New York City to offer third gender option on birth certificates

New York City will now offer a third gender option on birth certificates [Photo: Getty]

Under new legislation that passed on Wednesday, New York City has given residents the option of choosing a third gender on their birth certificates.

The revolutionary bill is designed to give adults who don’t identify as male or female the choice to choose a non-binary option – allowing New Yorkers to change the gender that was originally listed on their birth certificate.

The legislation will also enable transgender residents to change the gender on their birth certificate from female to male or vice versa without a doctor’s written statement.

Parents will also be able to choose a third gender for intersex babies [Photo: Getty]

The gender listed on driving licenses is typically based on our birth certificate therefore can also be altered accordingly.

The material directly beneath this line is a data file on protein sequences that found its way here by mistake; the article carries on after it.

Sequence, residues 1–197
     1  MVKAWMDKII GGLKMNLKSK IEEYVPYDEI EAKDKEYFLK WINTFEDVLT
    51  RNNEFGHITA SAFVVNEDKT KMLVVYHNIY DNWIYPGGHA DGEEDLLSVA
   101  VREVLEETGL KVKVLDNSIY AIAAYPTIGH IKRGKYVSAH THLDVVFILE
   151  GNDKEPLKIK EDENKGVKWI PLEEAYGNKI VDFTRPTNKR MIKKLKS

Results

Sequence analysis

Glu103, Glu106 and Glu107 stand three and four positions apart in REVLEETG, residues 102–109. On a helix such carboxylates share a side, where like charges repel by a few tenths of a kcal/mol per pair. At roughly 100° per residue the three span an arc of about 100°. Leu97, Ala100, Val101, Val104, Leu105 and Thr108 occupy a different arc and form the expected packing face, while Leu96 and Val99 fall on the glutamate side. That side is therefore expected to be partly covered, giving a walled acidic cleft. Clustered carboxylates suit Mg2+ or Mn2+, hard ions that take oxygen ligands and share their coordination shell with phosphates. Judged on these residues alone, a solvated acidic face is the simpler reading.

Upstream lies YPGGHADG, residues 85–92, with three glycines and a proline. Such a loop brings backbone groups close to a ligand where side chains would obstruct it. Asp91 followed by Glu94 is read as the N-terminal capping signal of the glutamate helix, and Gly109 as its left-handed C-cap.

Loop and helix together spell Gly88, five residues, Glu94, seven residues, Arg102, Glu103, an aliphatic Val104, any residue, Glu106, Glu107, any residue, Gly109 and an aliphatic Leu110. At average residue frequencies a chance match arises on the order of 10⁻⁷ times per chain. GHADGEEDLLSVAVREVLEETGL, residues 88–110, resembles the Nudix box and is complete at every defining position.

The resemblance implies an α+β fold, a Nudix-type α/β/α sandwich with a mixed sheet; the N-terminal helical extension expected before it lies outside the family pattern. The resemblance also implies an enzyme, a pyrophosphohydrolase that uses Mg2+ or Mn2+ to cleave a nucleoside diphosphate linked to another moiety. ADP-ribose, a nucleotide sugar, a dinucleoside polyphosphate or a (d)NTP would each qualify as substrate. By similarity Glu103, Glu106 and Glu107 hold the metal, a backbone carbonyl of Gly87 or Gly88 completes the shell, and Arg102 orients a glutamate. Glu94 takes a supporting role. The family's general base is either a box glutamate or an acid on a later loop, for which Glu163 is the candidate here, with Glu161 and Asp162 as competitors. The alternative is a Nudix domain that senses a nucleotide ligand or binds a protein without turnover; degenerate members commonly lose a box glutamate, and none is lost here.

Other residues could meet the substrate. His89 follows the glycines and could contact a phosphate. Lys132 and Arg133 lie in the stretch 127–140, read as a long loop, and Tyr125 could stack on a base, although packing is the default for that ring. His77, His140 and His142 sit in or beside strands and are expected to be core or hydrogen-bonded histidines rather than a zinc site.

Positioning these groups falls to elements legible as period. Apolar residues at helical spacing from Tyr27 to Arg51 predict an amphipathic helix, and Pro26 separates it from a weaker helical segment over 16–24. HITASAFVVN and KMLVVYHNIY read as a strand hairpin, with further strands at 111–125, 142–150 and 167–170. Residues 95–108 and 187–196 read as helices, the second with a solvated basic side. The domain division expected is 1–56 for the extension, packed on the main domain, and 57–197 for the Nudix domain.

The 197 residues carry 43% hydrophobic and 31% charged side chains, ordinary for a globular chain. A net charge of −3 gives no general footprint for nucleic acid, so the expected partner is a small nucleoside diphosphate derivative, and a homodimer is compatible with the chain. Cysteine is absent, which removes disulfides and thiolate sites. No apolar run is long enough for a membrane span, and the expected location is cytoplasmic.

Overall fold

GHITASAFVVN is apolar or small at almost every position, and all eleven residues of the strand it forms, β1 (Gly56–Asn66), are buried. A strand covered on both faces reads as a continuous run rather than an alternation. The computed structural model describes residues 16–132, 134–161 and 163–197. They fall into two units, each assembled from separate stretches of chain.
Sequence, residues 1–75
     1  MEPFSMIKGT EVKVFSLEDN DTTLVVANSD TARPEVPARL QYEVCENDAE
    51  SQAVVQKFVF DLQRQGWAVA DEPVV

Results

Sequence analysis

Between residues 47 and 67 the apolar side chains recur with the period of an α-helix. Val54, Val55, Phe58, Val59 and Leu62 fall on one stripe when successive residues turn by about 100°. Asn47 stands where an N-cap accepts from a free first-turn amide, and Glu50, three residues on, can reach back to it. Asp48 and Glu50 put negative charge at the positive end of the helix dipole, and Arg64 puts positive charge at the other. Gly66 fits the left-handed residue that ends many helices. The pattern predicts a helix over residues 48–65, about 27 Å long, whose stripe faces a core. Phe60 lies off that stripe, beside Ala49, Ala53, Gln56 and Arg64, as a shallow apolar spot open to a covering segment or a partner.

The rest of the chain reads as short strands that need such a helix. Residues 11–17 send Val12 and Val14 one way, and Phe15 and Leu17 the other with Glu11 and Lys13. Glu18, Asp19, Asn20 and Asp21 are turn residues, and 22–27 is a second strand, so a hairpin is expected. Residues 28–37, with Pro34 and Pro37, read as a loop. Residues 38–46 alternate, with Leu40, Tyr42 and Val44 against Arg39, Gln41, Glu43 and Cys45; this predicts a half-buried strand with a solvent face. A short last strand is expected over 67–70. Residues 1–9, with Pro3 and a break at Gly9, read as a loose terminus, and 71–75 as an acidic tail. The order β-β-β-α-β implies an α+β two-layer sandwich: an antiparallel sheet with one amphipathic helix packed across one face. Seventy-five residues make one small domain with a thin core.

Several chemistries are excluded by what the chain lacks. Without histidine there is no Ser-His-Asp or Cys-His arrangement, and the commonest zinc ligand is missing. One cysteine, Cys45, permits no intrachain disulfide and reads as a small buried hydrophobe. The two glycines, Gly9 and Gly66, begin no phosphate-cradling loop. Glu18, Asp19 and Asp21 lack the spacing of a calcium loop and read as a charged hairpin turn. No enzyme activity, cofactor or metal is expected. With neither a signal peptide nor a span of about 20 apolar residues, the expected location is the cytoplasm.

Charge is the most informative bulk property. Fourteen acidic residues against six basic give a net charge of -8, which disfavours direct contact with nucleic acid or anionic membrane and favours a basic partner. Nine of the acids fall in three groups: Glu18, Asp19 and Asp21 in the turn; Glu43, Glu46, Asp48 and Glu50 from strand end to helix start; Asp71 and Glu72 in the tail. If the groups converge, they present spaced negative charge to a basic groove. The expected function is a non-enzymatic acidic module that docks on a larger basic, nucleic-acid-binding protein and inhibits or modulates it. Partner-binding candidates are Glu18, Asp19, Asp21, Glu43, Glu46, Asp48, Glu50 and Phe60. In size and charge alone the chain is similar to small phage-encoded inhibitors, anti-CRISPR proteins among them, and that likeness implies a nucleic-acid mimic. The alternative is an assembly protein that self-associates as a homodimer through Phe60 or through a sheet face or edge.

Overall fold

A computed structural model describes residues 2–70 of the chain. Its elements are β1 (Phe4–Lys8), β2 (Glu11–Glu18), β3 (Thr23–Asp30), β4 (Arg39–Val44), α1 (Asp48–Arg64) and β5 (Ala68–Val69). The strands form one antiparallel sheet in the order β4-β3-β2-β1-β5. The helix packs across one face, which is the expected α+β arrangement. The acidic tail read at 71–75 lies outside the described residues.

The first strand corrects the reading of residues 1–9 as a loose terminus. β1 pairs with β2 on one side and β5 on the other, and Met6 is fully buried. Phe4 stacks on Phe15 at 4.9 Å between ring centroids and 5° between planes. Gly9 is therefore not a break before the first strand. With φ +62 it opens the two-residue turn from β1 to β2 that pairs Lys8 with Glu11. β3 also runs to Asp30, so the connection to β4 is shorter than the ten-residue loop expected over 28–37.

While the third gender option can also be used by parents with intersex children.

On the long-awaited legislation, New York city council speaker, Corey Johnson, said: “There are plenty of New Yorkers who don’t identify as either male or female. Gender is a spectrum for many folks. It’s not a fixed thing.”

“When you don’t have something as basic and essential as a birth certificate that identifies you as who you really are, it’s a problem.”

News of the city’s decision follows hot on the heels of fellow states California and Washington, which have also officially recognised people’s non-binary identity through birth certificates in recent months.

Germany was the first European country to legally recognise a baby as neither male or female on birth certificates back in November.

In comparison, the UK is falling behind in recognising its non-binary citizens. Although the title “Mx.” is widely accepted by organisations and businesses as an alternative for non-binary people, the government has yet to pass legislation to allow gender-neutral passports.

Canada was the most recent to make the change while the likes of Australia, Denmark and Germany already give residents the freedom of applying for an ‘X’ passport.

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